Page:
Mount Moresby
On 12 August 2021, Zosia Zgolak and I climbed Mount Moresby, the highest mountain in British Columbia's Haida Gwaii.  Definitive route information for this mountain is scarce.  Some online blogs exist (the best one is here) which describe the ascent, but route details are ambiguous at best.  A GPS track is available on AllTrails, but the start is convoluted and entails unnecessary extra distance and elevation gain with possibly even unpleasant bushwhacking.  With the help of a local who climbed the mountain years ago, I was able to figure out perhaps the easiest approach as of this writing.

From Alliford Bay ferry terminal on Moresby Island, turn south onto Alliford Bay Mainline (2WD gravel road) and drive for 12 kilometres to a 3-way junction.  Stay left and continue on South Bay Mainline for 6.2 kilometres to the junction with Moresby Road.  Turn right and drive 11 kilometres to an unsigned junction just before Moresby Camp.  Turn right onto a rougher road (high-clearance recommended) and immediately cross a bridge over Pallant Creek.  About 400 metres past the bridge, turn right (look for makeshift signs that read "MM") and drive 680 metres to another junction.  Turn left and drive as far as possible.  It is about 3 kilometres to the trailhead beyond this last junction, but because of active logging along this road, we had to park about 1.2 kilometres short.  This access may change in the future.

From where we parked--there was another car here when we arrived--Zosia and I easily walked the remainder of the access road to the trailhead which is marked by a sign with the Haida name for Mount Moresby.  Entering forest, we followed a distinct trail climbing gradually alongside a creek northeast of the mountain.  Some sections of trail were a bit overgrown, and the trail can be a bit difficult to follow whenever it enters or crosses the creek bed.  Fortunately, there was a lot of flagging to help keep us on track.  About 1.4 kilometres from the trailhead, we began climbing steeply away from the creek and soon settled into a long and somewhat dispiriting uphill grind.  At an elevation of around 530 metres, there are two fixed ropes to aid in the ascent of some very steep sections.  The first (lower) rope is probably the most challenging as the route feels nearly vertical here.  Without harnesses or belay equipment, we were literally hanging onto the rope for dear life as we climbed upwards.  Fortunately, we cleared the roped sections without incident.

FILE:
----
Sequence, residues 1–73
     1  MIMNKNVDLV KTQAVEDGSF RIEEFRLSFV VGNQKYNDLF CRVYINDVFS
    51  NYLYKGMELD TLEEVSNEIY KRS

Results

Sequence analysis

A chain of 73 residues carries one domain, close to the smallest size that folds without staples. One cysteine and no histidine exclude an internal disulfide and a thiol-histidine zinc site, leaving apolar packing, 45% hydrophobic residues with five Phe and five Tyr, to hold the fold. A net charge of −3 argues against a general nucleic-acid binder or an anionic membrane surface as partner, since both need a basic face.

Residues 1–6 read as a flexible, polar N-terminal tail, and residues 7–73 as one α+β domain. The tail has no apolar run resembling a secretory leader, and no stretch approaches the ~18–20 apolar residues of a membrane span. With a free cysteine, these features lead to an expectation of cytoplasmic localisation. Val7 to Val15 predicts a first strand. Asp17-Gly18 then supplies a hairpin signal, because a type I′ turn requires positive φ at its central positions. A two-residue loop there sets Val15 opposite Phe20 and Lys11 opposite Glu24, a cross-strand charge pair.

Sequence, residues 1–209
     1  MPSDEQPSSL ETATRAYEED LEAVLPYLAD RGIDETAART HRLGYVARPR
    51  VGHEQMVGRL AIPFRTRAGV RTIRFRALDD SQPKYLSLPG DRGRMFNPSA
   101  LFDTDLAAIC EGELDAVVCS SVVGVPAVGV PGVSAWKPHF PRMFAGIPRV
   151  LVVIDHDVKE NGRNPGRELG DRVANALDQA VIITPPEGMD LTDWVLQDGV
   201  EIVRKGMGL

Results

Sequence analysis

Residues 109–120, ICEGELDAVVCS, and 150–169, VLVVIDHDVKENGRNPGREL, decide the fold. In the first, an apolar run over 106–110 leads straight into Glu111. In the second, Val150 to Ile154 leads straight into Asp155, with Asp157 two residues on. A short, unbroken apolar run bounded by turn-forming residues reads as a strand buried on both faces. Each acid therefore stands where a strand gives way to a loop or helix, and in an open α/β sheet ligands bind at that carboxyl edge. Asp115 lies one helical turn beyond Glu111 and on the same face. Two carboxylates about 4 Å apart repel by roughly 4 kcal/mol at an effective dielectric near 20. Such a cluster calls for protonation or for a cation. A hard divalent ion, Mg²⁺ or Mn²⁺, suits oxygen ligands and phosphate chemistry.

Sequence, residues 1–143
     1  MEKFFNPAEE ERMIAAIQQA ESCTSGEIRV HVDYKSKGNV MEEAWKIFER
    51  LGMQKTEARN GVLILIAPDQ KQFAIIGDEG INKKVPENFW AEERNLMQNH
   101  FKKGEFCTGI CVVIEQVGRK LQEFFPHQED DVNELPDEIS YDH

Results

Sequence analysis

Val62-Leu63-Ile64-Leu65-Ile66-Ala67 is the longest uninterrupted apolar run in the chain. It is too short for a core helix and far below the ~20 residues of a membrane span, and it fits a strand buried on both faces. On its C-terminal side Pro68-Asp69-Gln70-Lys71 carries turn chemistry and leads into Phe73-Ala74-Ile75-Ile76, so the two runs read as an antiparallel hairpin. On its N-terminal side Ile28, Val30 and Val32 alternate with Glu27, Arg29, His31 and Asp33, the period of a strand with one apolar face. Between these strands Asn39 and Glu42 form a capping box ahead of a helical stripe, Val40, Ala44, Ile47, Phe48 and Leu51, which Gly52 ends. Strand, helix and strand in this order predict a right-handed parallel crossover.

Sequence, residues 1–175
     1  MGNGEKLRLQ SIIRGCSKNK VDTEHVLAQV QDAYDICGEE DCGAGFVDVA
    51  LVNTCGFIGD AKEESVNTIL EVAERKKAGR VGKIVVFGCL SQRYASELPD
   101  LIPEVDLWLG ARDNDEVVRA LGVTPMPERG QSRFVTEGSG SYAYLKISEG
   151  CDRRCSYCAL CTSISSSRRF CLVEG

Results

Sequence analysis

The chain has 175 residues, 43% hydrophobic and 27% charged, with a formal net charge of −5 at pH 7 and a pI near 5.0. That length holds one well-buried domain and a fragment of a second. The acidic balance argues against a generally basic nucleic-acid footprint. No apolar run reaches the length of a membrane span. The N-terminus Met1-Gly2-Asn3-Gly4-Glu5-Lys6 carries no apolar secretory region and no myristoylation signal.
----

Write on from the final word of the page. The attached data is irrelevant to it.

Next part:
Near tree line, Zosia and I passed an unoccupied tent probably belonging to the same person(s) whose car we had parked behind on the access road.  Emerging from the forest, the trail becomes less distinct, but we still found plenty of flagging and cairns to help point the way.  The route essentially climbs straight up to a high notch on the east ridge of the mountain, and although one rocky step lower down requires some easy hands-on scrambling, the rest is mostly just off-trail hiking.  From the high notch, we traversed to climber's right across an alarmingly steep but short-lived grassy slope to enter an open rocky bowl.  There are some delightfully refreshing waterfalls in this bowl where we could replenish our water bottles.  Some easy scrambling led us up to the crest of the north ridge where we turned left and continued up more uncomplicated terrain to the summit.

Just before reaching the summit, Zosia and I ran into a woman who was the owner of the tent and the other car.  Lena Armstrong, a recently-transplanted local, was also exploring Haida Gwaii much like Zosia and me.  We chatted at length with her and found out that she had put up a lot of the flagging that we had found so useful along the route.  She also expressed some concerns about descending the roped sections with her heavy backpack, and Zosia and I offered to accompany her on the descent once we were finished at the summit.  Lena then departed to go pack up her camp while we went to tag the top of Mount Moresby.

The summit views were exceptional on this day, and with the pleasant weather, Zosia and I hung out on top for well over an hour before reluctantly commencing our descent.  We retraced our steps back to the rocky bowl and then to the high notch without any issues.  By the time we dropped down to Lena's tent site, she had already packed up and started descending, but we eventually caught up to her at the top of the lower fixed rope.  As expected, descending this section was both tricky and unnerving, probably doubly so for Lena with her extra heavy pack.  Still, we all made it down safely without a slip, and from there, we descended the rest of the route together without any problems.